Technology companies continue to effectively overshadow actual vehicle manufacturers at CES and this year it was impossible to miss the gargantuan ultra-HD screens set to dominate cars of the not-so-distant future’s ‘cockpits’ or indeed Alexa’s appearance in so many car and tech firms’ cockpit concepts. The most notable was Toyota, the world’s largest car-maker, which has opted to solely introduce Alexa integration at this stage, ominously omitting Android Auto and Apple CarPlay support. To enable drivers of slightly older vehicles to take advantage of Alexa functionality, various companies have been launching aftermarket systems, and CES 2018 saw Garmin pitch its Speak Plus device, while much more affordable solutions such as the Roav Viva were also presented. Its name meaning Bytes on Wheels, the fully electric, level 3 autonomous Byton concept car unveiled at the show features an enormous touchscreen dashboard and its ex-Apple and BMW designers announced that they too have chosen to side with Alexa for voice control and personal assistance.
Byton’s concept car pointed to another niche of automotive technology that could become increasingly prevalent – facial recognition to unlock a vehicle and start its ignition. Such technology has already made its way into various handheld devices courtesy of Apple’s Face ID and Samsung’s iris reader, so it was only really a matter of time before automotive developers got in on the act. At the Gentex booth at CES 2018, in-vehicle biometrics was big news, with a driver’s eye set to be the key to unlocking a whole host of automotive functions and connected services. The firm’s tech is set to appear in more JLR models as time progresses and will often be incorporated along with Gentex’s full-display digital rear-view mirror, its bi-mode operation allowing it to flit between being a mirror and a screen.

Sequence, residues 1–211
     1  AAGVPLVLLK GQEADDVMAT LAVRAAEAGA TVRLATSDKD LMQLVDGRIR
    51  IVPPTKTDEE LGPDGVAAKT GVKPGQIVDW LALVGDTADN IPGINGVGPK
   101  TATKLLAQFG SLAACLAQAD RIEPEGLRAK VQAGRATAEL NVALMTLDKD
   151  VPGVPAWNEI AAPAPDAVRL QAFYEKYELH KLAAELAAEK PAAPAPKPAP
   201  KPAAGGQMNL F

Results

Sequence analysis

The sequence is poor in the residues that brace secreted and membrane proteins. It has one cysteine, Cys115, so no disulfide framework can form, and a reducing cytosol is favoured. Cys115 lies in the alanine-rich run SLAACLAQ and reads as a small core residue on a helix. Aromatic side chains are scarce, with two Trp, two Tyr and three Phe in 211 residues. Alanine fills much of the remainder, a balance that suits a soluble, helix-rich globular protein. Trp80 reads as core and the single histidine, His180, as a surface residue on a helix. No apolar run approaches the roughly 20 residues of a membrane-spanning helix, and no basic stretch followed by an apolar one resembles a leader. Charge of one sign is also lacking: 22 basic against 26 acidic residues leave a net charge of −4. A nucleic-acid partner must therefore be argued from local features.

Electric power inevitably dominated the Consumer Electronics Show 2018 and although Fisker’s new concept will be unaffordable for many drivers, the good news is that mainstream electric cars with genuinely useable ranges are edging towards reality. The fully electric version of Kia’s Niro was showcased and is set to provide a range of over 230 miles on paper which, even after a realistic downward adjustment based on environmental factors, driving style and the car’s systems feeding off the battery, still heralds a decent forward stride.
Sharing is something private and commercial motorists will have to get used to at some point in the nearish future and we finish our CES 2018 automotive tour with Toyota’s e-Palette. Essentially, it’s a van-shaped vehicle that will come in three sizes and remarkably features a screen-like body that can either be transparent to create an airy and very visible public space or can display any desired image. To suit the user at any particular time, e-Palette can be a pop-up store one day and a branded delivery van the next. Fully connected for smart city use, each user will be able to quickly configure the vehicle’s software, drivetrain and other modular components to suit its intended use, additional power suiting operation as a minibus, while enhanced battery modules would benefit e-Palette when used as a walk-in information centre.
In part 2 of our annual CES roundup we’ll be taking a look at smart home, smart city and other technologies away from automotive applications, so stay tuned to our blog.
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- February 2018 (4)